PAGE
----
Dr. Hui Liao, Associate Professor of Management and Organization and Research Director of the Center for Excellence in Service, received a grant for her paper "Getting Out of the Wrong Side of Bed? Employee Rumination after Customer Mistreatment and Negative Mood in the Next Morning". This paper sheds light on what service organizations can do to help front-line service employees better cope with negative encounters with customers and improve their psychological wellbeing, leading to better service quality.
Getting Out of the Wrong Side of Bed? Employee Rumination after Customer Mistreatment and Negative Mood the Next Morning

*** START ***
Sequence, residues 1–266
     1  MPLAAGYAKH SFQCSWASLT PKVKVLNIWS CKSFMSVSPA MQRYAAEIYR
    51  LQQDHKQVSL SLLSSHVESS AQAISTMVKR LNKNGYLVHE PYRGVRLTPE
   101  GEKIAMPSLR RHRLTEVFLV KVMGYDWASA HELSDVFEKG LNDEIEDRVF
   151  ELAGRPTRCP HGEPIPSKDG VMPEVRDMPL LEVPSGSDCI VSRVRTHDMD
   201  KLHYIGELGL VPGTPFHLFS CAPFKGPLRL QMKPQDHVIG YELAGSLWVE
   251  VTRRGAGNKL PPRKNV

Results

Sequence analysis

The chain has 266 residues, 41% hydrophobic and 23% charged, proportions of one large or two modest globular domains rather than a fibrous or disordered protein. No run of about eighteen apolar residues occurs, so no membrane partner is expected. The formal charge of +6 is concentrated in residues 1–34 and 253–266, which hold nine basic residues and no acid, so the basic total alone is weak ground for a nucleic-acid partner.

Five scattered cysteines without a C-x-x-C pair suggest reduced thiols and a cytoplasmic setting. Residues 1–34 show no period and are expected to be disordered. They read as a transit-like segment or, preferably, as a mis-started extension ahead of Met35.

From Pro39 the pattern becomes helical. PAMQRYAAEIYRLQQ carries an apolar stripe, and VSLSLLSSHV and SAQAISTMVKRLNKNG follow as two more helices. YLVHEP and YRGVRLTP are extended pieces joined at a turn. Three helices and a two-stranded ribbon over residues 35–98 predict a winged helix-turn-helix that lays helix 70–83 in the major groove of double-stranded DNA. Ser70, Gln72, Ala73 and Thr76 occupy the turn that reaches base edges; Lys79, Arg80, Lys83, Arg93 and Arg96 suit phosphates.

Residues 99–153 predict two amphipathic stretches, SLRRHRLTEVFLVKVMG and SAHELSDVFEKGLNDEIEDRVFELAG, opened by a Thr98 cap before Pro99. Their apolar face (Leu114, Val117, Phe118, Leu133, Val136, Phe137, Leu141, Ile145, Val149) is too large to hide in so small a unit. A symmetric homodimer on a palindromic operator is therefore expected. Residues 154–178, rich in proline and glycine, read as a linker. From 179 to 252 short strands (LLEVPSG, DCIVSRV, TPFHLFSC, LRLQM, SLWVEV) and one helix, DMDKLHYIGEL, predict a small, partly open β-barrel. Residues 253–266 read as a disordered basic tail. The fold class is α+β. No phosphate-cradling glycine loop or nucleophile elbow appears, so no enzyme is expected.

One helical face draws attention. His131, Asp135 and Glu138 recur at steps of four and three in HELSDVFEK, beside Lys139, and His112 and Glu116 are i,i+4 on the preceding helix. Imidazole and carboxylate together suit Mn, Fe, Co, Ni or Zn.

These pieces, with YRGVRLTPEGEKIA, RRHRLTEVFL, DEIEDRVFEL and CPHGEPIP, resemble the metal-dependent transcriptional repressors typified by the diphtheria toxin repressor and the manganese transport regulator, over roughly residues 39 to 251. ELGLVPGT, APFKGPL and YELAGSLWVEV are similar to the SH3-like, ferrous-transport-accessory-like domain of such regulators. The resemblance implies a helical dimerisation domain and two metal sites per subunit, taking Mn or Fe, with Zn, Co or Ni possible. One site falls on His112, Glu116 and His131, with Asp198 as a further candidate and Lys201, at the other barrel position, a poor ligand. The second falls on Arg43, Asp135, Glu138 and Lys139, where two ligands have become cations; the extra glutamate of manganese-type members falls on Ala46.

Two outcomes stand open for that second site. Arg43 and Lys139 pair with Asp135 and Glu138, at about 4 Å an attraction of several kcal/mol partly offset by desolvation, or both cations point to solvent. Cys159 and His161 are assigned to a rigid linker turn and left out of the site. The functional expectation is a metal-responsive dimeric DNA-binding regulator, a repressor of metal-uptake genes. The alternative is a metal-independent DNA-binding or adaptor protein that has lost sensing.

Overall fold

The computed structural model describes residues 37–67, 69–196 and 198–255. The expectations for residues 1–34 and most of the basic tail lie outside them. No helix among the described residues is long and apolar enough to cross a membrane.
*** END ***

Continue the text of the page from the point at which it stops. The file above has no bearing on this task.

Abstract: Employees striving to maintain positive interactions with customers may undertake excessive emotional burdens and experience emotional exhaustion, negative health symptoms, absenteeism and other consequences. Customer mistreatment, defined as the low-quality interpersonal treatment that employees receive from their customers, may be particularly demanding for service employees during service interactions. From a perspective of resource conservation, unpleasant interactions with customers may deplete employees’ emotional resources, thus compromising service employees’ short-term and long-term emotional wellbeing. Prior research has mainly focused on examining either the negative effect of chronic exposure to customer mistreatment on the emotional well-being of employees or their immediate emotional reactions to customer mistreatment. However, little is known about the potential mechanism thru which the negative effect of customer mistreatment goes beyond the service episode and persists to influence employees’ emotions at a later time. Drawing on the cognitive rumination theory and using a unique daily research method with longitudinal data collected from a large sample of call center employees, the current study examines the mediating role of rumination at night in explaining the lagged effect of the current day’s customer mistreatment on the employees’ negative mood next morning. In addition, the study examines the moderating role of perceived organizational support in mitigating the negative effect of customer mistreatment on rumination at night. The results will shed light on what service organizations can do to help front-line service employees to better cope with negative encounters with customers and improve their psychological wellbeing as well as service quality.